If you have an ACS member number, please enter it here so we can link this account to your membership. (optional)

ACS values your privacy. By submitting your information, you are gaining access to C&EN and subscribing to our weekly newsletter. We use the information you provide to make your reading experience better, and we will never sell your data to third party members.



Kyoto Protocol

New strategies are needed to encourage wider participation as climate threats loom large

by Bette Hileman
October 18, 2004 | A version of this story appeared in Volume 82, Issue 42

Credit: Roger Braithwaite
Credit: Roger Braithwaite

Now that the Russian Cabinet has approved the Kyoto Protocol to the United Nations Framework Convention on Climate Change, setting the stage for the treaty to become legally binding, governments and businesses need to take stronger measures to address greenhouse gas emissions. They also should think seriously about how to convince more countries, such as the U.S. and large developing nations, to commit to binding targets and timetables for emissions reductions.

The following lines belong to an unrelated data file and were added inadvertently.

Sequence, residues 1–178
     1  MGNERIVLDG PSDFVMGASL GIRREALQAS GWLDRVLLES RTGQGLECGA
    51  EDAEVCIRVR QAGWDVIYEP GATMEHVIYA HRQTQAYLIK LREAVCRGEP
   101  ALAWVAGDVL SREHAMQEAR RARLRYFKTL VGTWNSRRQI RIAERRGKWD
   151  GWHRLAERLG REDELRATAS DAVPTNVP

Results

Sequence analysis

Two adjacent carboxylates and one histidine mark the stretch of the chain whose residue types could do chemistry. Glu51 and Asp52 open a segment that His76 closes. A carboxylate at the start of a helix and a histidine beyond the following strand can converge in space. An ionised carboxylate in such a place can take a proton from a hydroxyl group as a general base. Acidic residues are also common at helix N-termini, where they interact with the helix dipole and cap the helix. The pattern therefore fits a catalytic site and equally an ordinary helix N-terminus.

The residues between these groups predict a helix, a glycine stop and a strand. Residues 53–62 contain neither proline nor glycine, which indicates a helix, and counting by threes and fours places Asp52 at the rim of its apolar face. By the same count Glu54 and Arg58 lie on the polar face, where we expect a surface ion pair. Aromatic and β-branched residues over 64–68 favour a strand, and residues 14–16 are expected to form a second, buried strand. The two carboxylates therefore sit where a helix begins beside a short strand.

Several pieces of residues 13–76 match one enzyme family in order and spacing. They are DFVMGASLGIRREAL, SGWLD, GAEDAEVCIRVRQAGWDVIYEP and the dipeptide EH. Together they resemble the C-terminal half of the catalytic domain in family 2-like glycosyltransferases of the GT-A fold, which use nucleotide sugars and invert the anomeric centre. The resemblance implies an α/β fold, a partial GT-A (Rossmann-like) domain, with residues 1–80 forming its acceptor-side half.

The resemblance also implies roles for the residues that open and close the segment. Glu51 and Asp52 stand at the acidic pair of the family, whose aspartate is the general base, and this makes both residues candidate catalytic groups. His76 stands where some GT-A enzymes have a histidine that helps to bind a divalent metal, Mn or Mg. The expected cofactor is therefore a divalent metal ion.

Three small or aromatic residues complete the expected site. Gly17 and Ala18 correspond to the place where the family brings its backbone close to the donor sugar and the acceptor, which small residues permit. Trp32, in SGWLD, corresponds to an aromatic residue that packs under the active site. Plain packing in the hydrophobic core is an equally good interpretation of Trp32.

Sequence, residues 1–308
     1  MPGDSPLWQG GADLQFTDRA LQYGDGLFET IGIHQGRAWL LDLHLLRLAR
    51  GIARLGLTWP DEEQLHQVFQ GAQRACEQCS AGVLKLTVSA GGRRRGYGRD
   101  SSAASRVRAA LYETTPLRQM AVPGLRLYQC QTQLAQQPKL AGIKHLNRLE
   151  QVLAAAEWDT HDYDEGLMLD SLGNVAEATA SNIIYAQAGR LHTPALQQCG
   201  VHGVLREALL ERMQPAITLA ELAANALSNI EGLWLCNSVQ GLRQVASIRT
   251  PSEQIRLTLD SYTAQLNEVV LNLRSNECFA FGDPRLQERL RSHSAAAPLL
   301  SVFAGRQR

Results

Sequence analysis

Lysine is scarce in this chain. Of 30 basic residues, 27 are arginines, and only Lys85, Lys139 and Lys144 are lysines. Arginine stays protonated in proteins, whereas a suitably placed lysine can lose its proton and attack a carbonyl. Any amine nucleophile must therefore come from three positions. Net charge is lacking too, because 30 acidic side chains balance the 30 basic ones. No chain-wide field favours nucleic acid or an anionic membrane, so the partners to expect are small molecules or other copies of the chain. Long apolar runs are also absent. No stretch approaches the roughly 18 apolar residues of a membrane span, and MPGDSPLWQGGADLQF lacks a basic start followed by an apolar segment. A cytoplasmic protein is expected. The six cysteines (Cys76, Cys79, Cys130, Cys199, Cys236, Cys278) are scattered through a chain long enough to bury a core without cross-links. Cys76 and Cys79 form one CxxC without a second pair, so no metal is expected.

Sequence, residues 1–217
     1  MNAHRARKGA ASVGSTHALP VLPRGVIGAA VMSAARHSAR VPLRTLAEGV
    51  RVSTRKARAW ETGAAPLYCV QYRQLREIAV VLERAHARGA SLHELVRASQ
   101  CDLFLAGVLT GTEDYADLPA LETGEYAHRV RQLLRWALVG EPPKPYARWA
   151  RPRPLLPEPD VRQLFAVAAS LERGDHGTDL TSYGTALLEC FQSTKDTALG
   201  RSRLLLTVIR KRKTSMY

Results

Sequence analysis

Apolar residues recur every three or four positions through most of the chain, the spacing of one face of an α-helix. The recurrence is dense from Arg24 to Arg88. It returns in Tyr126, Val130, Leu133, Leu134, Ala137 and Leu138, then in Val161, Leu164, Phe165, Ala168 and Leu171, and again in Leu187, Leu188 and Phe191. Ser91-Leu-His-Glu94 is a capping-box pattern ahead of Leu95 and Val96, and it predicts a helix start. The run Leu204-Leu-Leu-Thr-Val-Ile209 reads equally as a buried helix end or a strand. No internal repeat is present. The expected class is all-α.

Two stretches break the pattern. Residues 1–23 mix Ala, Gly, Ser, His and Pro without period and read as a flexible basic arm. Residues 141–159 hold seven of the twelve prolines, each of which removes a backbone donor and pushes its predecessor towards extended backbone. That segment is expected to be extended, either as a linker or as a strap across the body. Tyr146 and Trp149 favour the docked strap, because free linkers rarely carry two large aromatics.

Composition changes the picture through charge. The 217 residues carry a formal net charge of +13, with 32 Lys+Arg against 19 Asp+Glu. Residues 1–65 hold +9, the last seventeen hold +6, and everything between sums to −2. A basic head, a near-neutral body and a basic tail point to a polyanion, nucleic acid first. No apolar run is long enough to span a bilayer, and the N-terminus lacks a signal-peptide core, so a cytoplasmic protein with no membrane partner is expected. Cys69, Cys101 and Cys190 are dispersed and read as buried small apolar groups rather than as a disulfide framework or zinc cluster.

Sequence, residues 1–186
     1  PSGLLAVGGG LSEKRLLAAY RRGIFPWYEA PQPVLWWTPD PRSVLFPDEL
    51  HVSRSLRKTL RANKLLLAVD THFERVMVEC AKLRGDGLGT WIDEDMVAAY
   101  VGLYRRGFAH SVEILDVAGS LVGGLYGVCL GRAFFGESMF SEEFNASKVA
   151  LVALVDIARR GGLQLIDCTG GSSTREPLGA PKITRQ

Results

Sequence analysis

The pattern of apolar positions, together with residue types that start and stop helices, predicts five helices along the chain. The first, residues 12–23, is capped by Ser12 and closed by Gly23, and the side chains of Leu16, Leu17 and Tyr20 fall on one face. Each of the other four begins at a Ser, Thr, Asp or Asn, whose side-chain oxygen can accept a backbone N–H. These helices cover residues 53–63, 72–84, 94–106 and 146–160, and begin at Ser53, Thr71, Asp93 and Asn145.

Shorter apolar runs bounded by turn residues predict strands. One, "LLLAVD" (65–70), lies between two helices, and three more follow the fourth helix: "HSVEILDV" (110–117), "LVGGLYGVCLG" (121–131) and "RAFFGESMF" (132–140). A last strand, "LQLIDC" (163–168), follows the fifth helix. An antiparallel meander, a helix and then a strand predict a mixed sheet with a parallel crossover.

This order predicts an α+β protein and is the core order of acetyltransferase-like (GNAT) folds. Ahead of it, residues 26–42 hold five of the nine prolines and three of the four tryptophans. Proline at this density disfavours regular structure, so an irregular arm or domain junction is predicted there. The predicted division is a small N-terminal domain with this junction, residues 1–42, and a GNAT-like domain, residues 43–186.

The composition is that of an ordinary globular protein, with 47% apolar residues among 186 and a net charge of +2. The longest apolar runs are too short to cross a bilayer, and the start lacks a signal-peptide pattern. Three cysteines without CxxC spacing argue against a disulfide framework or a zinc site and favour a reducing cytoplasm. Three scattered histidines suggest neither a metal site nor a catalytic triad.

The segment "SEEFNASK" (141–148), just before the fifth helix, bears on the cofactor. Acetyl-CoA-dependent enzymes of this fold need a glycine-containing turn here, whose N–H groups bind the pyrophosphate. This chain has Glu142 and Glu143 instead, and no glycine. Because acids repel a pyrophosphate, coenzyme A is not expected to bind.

After the protocol becomes binding, probably early next year, many businesses in the industrialized countries that have ratified the treaty will be required to reduce their greenhouse gas emissions. Eventually, most firms in those countries will be assigned emissions limits and will have to buy permits if they expect to exceed their limits. U.S. multinational companies with facilities in Europe will have to start figuring out how to reduce their CO2 emissions at those sites.

This is likely to spur a number of major American companies to start pushing for U.S. participation in the Kyoto protocol so that the U.S. will have some influence over the process. In my view, the U.S. should find a way to ratify the protocol without agreeing to the U.S. target for the first commitment period--a 7% reduction in emissions from the 1990 level by 2008–12. Meeting this target would be nearly impossible because U.S. emissions have increased 13% since 1990.